The two coppers are 11 Å apart and face the interdomain space in such a way that the cleft between them is fully accessible to solvent. The coordination of CuA can be described as square pyramidal with three histidine δ-nitrogens (equatorial) and two unoccupied coordination positions (19). The coordination of CuB is tetrahedral, with two histidine ɛ-nitrogens, one methionine sulfur, and one position occupied by a solvent component, probably a water molecule (this ligand would be displaced by the proposed binding of molecular oxygen to CuB; see below). The solvent ligand departs somewhat from tetrahedral geometry by occupying a position closer to the methionine (Table 2 and Fig.3).

Figure 3

Coordination geometry of CuA and CuB. Coppers are represented by green spheres and ligands are colored by atom type. Three CuA ligands are shown occupying three of the four equatorial positions of a square pyramidal complex. Four CuB ligands are shown, forming a tetrahedral complex. This figure was made with the program Setor (50).

Table 2

Coordination geometry of CuA and CuB. The SOLV ligand could be one N atom of an azide molecule (from the crystallization conditions) instead of water.

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Previously reported spectroscopic data obtained for oxidized (Cu2+) PHM and DBM are consistent with the coordination of oxidized CuA and CuB observed crystallographically. Extended x-ray absorption fine structure (EXAFS) data support an average of 2.5 N (histidine) and 1.5 O or N ligands per Cu (10,20, 21). One study indicated the presence of a weak sulfur ligand at 2.71 Å from CuB in PHM (10), in agreement with the 2.68 Å distance observed in the PHMcc structure. X-ray absorption spectroscopy (XAS) data support four-coordinate geometry for the Cu sites in solution, with some evidence for five-coordinate geometry (20), in agreement with the CuA and CuB sites observed crystallographically.

In PHM, the CuA site acts as an electron transfer site and the CuB site acts as an oxygen binding site (10,20). However, structurally, the CuA site is most similar to the oxygen binding sites of other Cu proteins, and the CuB site is most similar to the electron transfer sites of other Cu proteins (22). These differences highlight the unusual use of Cu in PHM. In particular, it is surprising that there are open or solvent-occupied coordination positions on both coppers. The coordination of electron transfer sites is typically saturated by protein ligands, and open coordination in the case of CuA may be important for aspects of PHM activity (for example, interaction with ascorbate).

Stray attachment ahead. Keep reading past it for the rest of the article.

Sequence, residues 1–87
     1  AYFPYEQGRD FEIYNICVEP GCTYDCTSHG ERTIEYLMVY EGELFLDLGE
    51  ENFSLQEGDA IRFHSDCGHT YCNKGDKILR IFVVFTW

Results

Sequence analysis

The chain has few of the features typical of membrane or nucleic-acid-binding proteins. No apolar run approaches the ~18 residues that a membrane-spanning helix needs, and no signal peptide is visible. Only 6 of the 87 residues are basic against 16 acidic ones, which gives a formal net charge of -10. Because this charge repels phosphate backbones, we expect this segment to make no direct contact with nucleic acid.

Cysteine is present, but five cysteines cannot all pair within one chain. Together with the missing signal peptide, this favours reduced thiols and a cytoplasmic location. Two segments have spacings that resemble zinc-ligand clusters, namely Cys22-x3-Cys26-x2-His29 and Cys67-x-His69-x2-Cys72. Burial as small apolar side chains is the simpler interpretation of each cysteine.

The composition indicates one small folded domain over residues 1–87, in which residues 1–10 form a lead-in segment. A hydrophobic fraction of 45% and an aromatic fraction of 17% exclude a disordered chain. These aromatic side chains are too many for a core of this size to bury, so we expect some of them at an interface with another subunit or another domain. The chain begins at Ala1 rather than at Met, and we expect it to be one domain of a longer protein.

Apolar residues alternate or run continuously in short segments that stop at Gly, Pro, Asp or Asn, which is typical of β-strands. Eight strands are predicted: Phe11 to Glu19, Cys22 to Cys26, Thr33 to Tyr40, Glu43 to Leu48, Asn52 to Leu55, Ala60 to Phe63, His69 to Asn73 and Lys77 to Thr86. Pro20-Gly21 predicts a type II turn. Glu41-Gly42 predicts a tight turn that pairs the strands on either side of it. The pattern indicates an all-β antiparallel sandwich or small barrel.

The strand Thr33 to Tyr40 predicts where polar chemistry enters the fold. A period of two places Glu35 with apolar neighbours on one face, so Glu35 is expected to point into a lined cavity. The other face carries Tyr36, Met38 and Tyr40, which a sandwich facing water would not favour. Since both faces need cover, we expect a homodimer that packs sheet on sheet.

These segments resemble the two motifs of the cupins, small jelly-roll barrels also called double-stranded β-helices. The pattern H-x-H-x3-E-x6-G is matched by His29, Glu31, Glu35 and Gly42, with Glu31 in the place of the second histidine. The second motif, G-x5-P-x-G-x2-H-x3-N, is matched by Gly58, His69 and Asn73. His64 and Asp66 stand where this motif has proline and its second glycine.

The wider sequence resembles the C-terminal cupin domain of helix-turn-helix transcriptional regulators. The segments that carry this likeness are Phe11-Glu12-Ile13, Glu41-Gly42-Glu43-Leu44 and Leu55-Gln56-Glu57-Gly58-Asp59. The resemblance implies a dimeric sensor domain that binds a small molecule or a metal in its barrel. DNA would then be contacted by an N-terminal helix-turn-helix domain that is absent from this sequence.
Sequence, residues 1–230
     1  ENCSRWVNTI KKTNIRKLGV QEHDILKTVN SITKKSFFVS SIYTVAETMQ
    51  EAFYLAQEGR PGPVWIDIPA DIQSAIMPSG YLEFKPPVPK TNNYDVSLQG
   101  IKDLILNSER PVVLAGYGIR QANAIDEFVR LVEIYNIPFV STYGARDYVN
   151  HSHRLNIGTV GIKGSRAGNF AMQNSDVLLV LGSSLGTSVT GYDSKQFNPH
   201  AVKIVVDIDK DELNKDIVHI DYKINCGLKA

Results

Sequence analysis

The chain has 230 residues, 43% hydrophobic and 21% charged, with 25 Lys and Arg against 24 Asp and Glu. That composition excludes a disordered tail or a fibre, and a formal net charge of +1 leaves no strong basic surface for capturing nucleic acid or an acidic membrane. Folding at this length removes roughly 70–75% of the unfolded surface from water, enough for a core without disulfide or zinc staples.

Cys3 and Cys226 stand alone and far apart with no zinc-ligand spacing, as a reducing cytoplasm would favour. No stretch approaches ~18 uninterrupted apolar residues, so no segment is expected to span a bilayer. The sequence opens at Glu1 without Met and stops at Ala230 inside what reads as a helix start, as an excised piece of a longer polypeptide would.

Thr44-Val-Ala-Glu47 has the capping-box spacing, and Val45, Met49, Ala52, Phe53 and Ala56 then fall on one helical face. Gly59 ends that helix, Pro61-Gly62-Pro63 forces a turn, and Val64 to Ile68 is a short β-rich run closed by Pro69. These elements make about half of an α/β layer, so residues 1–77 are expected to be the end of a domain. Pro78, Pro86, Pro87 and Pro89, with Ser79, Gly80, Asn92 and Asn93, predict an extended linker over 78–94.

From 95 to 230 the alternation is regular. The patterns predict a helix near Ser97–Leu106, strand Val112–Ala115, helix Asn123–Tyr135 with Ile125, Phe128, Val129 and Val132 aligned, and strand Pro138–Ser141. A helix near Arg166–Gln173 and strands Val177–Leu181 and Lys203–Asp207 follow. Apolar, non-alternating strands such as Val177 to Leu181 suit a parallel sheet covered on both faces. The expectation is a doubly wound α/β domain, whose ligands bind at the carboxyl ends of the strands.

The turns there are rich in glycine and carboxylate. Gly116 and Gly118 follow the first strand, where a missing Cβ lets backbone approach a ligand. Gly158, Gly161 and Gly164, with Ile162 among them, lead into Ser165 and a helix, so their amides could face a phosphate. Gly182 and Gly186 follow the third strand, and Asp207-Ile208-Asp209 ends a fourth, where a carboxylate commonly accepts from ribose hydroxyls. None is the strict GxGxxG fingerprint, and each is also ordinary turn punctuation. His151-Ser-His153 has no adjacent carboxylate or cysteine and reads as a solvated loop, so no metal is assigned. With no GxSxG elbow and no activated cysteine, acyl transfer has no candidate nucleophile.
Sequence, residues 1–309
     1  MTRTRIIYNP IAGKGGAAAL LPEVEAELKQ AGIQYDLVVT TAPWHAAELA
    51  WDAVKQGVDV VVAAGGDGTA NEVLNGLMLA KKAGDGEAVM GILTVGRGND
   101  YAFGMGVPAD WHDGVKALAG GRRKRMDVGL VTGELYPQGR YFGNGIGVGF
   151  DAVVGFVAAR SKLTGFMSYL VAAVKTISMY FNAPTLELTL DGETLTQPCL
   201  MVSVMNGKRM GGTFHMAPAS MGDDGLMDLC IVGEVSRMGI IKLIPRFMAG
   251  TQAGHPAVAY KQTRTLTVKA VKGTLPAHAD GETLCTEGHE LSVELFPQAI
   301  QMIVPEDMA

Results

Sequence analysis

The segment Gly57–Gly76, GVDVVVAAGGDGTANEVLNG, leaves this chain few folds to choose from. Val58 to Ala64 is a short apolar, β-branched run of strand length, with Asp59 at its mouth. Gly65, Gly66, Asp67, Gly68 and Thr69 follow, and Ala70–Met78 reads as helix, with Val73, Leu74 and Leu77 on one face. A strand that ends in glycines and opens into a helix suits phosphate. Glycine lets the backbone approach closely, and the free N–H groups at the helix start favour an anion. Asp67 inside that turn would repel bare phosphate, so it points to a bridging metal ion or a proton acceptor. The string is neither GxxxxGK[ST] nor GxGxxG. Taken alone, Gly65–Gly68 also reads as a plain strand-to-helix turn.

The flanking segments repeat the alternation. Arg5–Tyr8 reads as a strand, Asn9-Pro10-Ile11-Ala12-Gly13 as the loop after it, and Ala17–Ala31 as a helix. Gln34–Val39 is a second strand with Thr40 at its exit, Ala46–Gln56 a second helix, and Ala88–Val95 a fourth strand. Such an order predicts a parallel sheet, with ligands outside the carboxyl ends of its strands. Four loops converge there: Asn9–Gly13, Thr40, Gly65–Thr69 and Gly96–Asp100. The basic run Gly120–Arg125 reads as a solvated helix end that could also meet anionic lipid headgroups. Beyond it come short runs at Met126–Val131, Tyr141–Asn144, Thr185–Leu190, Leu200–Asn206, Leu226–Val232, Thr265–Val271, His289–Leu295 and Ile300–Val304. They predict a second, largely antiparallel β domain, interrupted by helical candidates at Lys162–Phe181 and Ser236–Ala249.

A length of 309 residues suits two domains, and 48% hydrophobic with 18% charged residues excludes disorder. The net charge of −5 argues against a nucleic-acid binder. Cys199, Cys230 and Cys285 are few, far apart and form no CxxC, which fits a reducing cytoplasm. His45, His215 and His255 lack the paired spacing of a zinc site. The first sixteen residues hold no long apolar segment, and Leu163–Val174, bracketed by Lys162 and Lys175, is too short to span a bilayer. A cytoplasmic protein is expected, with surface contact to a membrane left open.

To gain insight into the mechanism of the reaction, we determined the structure of the crystallographically isomorphous complex of PHMcc withN-α-acetyl-3,5-diiodotyrosylglycine (23) (Table1 and Fig.4). Comparison of the structure of oxidized PHMcc with and without bound peptide reveals no significant differences, either in the conformations of individual residues or in the overall structure [0.3 Å root-mean- square (rms) α carbons]. In addition, the CuA-CuB distance is 11 Å in both structures; the binding of peptide does not bring the two domains into closer proximity. The positions of structural waters are conserved in both structures, including the water mediating hydrogen bonds between the peptide and PHM. The most significant structural change upon peptide binding is a rotation of the N316 side chain (Δχ2 ≈ 30°), breaking a hydrogen bond with Y318 and forming a new hydrogen bond with the backbone of the peptide.

Figure 4

PHMcc-substrate complex.(A) Representation ofN-α-acetyl-3,5-diiodotyrosylglycine bound in the PHMcc active site. The PHMcc backbone is shown in gray with the coppers represented by green spheres and other atoms colored by atom type. The electron density of a difference (data with and without the substrate are compared) map contoured at 7σ is shown as red mesh, indicating the positions of the electron-dense iodine atoms. (B) Contact map depicting residues that interact with bound peptide (within 3.75 Å). Hydrogen bonding interactions and Cu-ligand bonds are indicated with dotted lines. Figure 4A was made with the program Setor (50).

The structure of this complex reveals a binding site tailored to bind peptidylglycine substrates. Several conserved active site residues (R240, Y318, and N316) and one structural water form hydrogen bonds with the peptide backbone of the bound substrate, anchoring it in the interdomain cleft (Fig. 4). In addition, several hydrophobic residues have extensive contact with the substrate, including CuB ligand M314 (24). Mutational studies confirm the importance of these interactions. Replacement of Y318 with phenylalanine increases the Michaelis constant (K m) of PHMcc for peptidylglycine substrate by about sevenfold, with little effect on V max(17); and replacement of M314 with isoleucine resulted in an inactive enzyme that bound less tightly to peptidylglycine resin than wild-type PHMcc (10).

In reduced DBM, CuB was shown to bind carbon monoxide competitively with respect to oxygen (21). In addition, spectroscopic studies with reduced (Cu+) PHM and DBM found that the sulfur ligand moved closer to CuB (2.27 Å in PHM; 2.25 Å in DBM) than in the oxidized (Cu2+) enzyme (10,21). Shortening of the sulfur-CuB bond distance upon reduction is probably due to a change of coordination to a ligand geometry favored by Cu+. The structure of the PHMcc-peptide complex indicates that this geometry would allow peptidylglycine substrates to move closer (by about 0.4 Å) to CuB, because the peptide backbone binds next to the M314 side chain. These results indicate that substrate, oxygen, and CuB are located near each other in the ternary complex with reduced PHM.